For years, when landscape architect Miranda Brooks created gardens for her Hamptons clients, she knew most of them would only be in use for July and August. The pandemic has changed all that.
“Suddenly all of my projects are now the real home, and are being fully enjoyed for the first time,” says Brooks, whose clients include Lauren Santo Domingo, Ronald Perelman, and Anna Wintour.
She always installs vegetable beds and fruit trees for clients — “Literally, there isn’t a project that I haven’t done that for,” she says — which is fortunate, given their new country lifestyle. “The change that I’m seeing is a lot of people are properly noticing and enjoying all the slow changes and the amount that is woven into the planting.”
“People are definitely planting more, we’ve all commented on that,” says Jo Halsey of Green Thumb, who runs the Water Mill farm with her three brothers. “The victory gardens, I call them.”
Like the wave of food gardens created during World War II, the new vegetable plots and herb beds springing up across the East End represent a groundswell of interest in self-sufficiency and reengaging with the land (even if growing one’s own means supplementing deliveries from Baldor).
This summer edible gardens have become as coveted as cutting beds, and Instagram feeds overflow with photographs of home-grown tomatoes and strawberries straight from the vegetable patch and blue heritage-chicken eggs still warm from the coop. At the same time, specialist seed companies have been inundated with orders — so much so that biodynamic organic vegetable, herb, and flower seeds sold by independent firms such as Turtle Tree Seed and Seeds of Change have often been sold out or had back orders of three to four weeks.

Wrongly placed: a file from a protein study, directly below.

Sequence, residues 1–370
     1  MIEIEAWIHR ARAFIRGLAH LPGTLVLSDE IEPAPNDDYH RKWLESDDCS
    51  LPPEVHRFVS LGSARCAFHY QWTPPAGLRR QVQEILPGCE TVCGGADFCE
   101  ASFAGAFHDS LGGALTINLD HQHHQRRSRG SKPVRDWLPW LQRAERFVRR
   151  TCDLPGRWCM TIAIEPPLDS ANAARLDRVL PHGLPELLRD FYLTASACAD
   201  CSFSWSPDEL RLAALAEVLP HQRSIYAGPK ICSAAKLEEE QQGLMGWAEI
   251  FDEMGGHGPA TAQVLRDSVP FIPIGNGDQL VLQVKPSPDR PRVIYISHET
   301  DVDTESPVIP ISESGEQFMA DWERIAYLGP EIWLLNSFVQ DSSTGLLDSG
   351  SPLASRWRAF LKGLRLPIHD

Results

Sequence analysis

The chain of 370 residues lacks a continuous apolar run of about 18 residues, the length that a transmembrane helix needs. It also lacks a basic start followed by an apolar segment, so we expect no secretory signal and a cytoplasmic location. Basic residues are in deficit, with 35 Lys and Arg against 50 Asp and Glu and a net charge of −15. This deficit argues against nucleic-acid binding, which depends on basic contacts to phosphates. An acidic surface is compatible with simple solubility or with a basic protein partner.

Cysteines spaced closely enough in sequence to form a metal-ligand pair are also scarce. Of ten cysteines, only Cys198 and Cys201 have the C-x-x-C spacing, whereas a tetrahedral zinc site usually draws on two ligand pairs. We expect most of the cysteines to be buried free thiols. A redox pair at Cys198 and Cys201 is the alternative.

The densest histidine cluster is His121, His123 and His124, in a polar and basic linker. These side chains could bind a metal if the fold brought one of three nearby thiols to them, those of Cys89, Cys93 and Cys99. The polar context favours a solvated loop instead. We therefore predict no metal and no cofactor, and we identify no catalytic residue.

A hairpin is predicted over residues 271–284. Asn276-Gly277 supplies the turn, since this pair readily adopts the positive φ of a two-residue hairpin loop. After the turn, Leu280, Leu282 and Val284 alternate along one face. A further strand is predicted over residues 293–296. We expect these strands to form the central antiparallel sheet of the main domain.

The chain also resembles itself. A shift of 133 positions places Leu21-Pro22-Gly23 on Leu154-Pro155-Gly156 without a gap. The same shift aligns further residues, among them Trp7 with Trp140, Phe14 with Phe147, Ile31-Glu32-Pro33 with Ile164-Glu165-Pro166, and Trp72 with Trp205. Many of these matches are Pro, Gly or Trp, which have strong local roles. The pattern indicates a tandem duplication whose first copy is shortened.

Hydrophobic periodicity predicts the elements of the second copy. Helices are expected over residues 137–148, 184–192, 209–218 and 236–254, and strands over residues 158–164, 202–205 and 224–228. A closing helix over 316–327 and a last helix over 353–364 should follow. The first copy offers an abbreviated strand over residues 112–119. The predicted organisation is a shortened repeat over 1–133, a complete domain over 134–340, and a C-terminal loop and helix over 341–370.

But even before lockdown, New Yorkers were embracing the homesteading lifestyle, driven in part by the farm-to-table movement and the ethical and ecological ideas it engendered.
Isabella Rossellini swapped Manhattan life for a 28-acre Long Island organic farm bought with the help of the Peconic Land Trust, a nonprofit organization established to conserve Long Island’s working farms.
Rossellini, who is an expert in organic farming methods and animal husbandry, populated it with bees, goats, turkeys, five sheep, two pigs named Pepe and Boris, and 100 heritage breed chickens, about which she wrote a book on expounding on the importance of biodiversity, My Chickens and I. (The chickens were photographed by the fashion photographer Patrice Casanova.)
Recently her daughter, the food writer Elettra Wiedemann, took the helm at the newly named Mama Farm, and continues to run it as an exemplary Community Supported Agriculture with some of the best organic bread, cheese, eggs, and vegetables on the East End.
For most New Yorkers, homesteading is a high days and holidays pursuit. Jennifer Sinclair spends the school year living in Brooklyn Heights with her husband, who works in finance, and their four young children, but on weekends and the summer they are at home on their farm on the North Fork, cultivating and tending myriad vegetables and fruits.
They bought the ten acres of virgin land six years ago and have since planted two pear trees, seven peach trees, 15 apple trees, and 14 raised beds, along with blueberry, blackberry, and raspberry bushes, in addition to overseeing ten chickens and two beehives that supply the family honey.
“It’s an awful lot of work,” Sinclair admits with a laugh. They did own guinea fowl, but the raccoons got them. (“Raccoons are really vicious — they eat the head and leave the body.”)
Despite the time demands, Sinclair is full of the joys of homesteading.